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Are anime characters drawn separately or together?

For example, Boy A is near but Boy B is far, and both are dancing. Is Boy B only drawn for his movements same as Boy A, and with the use of a software, they will overlap a character depending who is near or far. More like a cel animation but with layers using a software.

And does this apply to every anime series and anime character movements like when Boy A and Boy B are fighting and both have interaction with their sword, are they drawn separately or together?

More like this, are both drawn together or separately but with the use of a software, the girl's hand overlap the boy's body

I am talking about hand-drawn animes in papers, not hand-drawn animes with a drawing tablet.

(I have posted the same topic but I didn't know where it went, I don't know if it was posted or not, sorry if I have made 2 same topics)

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    I believe 99% that it's drawn separately (as in, separate layer). That also explains why sometimes the production quality can be different even on the same scene. Also, probably related answer – Aki Tanaka Jun 28 '17 at 11:07
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This is actually two, or even three, questions in one. Movements in anime start and end with keyframes, everything else are inbetweeners. How both keyframes and inbetweeners are drawn up is not just a matter of preference (which may impact how the final drawing comes to be), but also one of efficieny.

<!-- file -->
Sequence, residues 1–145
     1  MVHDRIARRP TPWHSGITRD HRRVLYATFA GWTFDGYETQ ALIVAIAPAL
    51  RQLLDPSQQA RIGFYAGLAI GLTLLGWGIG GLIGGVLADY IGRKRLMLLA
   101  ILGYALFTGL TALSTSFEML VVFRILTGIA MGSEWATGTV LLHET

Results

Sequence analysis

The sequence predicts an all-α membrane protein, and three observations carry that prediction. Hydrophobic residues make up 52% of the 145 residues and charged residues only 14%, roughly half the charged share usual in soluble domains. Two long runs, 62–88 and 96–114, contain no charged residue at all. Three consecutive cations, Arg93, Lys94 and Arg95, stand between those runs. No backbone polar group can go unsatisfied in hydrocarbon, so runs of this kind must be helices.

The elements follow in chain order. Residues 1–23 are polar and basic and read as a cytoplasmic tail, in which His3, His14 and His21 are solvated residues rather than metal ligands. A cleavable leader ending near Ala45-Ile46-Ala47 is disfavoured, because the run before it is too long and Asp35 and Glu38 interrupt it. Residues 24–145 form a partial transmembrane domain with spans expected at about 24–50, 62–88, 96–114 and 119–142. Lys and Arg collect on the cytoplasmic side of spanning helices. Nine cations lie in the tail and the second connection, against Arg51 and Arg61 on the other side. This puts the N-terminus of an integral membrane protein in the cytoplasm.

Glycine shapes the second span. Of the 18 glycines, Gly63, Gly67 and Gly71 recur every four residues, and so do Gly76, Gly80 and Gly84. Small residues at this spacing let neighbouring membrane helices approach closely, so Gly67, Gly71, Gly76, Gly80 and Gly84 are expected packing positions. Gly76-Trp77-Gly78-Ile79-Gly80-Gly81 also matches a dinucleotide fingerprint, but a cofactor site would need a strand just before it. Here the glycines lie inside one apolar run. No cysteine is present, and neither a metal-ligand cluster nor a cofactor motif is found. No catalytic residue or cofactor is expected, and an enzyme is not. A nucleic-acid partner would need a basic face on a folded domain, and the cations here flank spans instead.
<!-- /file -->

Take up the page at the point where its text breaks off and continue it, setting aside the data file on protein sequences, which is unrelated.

In your example, drawing the persons separately will allow much easier change in composition even though there is nothing against drawing the frame 'as-is' right off the bat.

For example, if the director decides that the girl needs to be a tad more to the left, of that her hand needs to be higher, it's much easier to just move the girl or reposition the hand than to draw everything from scratch (including the boy, the background, etc).

Distance as such as little to do with anything and is only used to create a sense of depth. Clouds, traffic, etc moving at different speeds to create a parallax-like effect.

Ultimately, regardless of whether or not layers are used and regardless of overlap, all characters, every single stroke even, are drawn separately.

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